Re:Based on inflation, don't take less than $53K (1)

CODiNE (27417) | about 5 months ago | (#46456993)

Exploited or not, if one is trying to start out as a programmer and nobody is willing to hire, what choice do they have?

I still see "Junior" level jobs requiring 3 to 5 years in every acronym under the sun.

Re:Based on inflation, don't take less than $53K (1)

lgw (121541) | about 5 months ago | (#46457445)

Yes, I was exploited (worse than you're thinking). So what? I needed to break into the field. I did. Goal achieved. The money I made for the first couple of years just doesn't matter now - it opened the door, and was way the hell easier than a medical internship.

Re: Based on inflation, don't take less than $53K (0)

Anonymous Coward | about 5 months ago | (#46457643)

I made 32 starting out 4 years ago with no experience, but only worked it for a year and a half. I have now tripled that salary. I agree that taking lower pay is a good foot in the door when you have no experience. I had spent 7 months looking for work, but no one wanted a guy with a mediocre GPA and no experience or connections.

Re:Based on inflation, don't take less than $53K (1)

Anonymous Coward | about 5 months ago | (#46456489)

Funny. $53k was my exact starting salary 15+ years ago straight out of college.
Two years ago I was the hiring manager for a dev position and offered $90k to a recent college graduate with less than a year of contracting experience (I would have offered less but HR told me that was what the market dictated, and they're not known to spend money just for the fun of it).
When I see people on ./ claiming they make under $50k, I have to believe they're either making it up or living in a super low cost area.

Re:Based on inflation, don't take less than $53K (0)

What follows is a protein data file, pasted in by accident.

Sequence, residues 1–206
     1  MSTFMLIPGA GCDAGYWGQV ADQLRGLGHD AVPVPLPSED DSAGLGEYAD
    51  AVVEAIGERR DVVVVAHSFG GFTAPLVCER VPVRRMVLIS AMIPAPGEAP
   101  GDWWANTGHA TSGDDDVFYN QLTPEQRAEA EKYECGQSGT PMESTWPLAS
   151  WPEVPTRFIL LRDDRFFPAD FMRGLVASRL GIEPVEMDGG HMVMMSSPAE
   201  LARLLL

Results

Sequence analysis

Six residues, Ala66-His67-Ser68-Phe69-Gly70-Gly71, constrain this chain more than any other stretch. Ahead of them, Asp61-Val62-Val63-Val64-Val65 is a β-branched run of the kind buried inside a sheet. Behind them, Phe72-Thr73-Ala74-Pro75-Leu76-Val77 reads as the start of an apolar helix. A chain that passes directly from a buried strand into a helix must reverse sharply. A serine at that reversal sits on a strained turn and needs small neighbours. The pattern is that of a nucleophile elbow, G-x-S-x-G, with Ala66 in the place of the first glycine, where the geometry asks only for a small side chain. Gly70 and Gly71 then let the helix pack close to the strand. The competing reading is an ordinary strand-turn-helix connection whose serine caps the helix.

Anonymous Coward | about 5 months ago | (#46456601)

The totally sad thing, is people are arguing with me that they deserve to get paid less. WTF, I thought programmers were smart.

PS: 53K 15 years ago, you lucky dog!

Re:Based on inflation, don't take less than $53K (0)

Anonymous Coward | about 5 months ago | (#46456743)

"When I see people on ./ "

"on ./"

"./"

"dotslash"

Dotslash!?! LEAVE. LEAVE AND NEVER RETURN.

Re:Based on inflation, don't take less than $53K (0)

Anonymous Coward | about 5 months ago | (#46456823)

Muscle memory. Given that I spend waaaaaay more time working than posting here, I also type the character sequence "./" way more often than "/."

Things might be different for you. In that case you're probably in the sub-$50k category as well.

Re:Based on inflation, don't take less than $53K (0)

Anonymous Coward | about 5 months ago | (#46456937)

Zing!

Re:Based on inflation, don't take less than $53K (1)

parkinglot777 (2563877) | about 5 months ago | (#46456981)

Based on inflation, don't take less than $53K starting.

According to prevailing wage for an H1B person, the fresh graduated person would get his/her salary at $56,597/year in New York, NY [ http://www.flcdatacenter.com/O... [flcdatacenter.com] ], $42,806/year in Boise, ID [ http://www.flcdatacenter.com/O... [flcdatacenter.com] ], and $72,613/year in San Francisco, CA [ http://www.flcdatacenter.com/O... [flcdatacenter.com] ]. So it all depends on where you live...

angry bird (1, Offtopic)

beefoot (2250164) | about 5 months ago | (#46456133)

We need a new version of angry bird every week.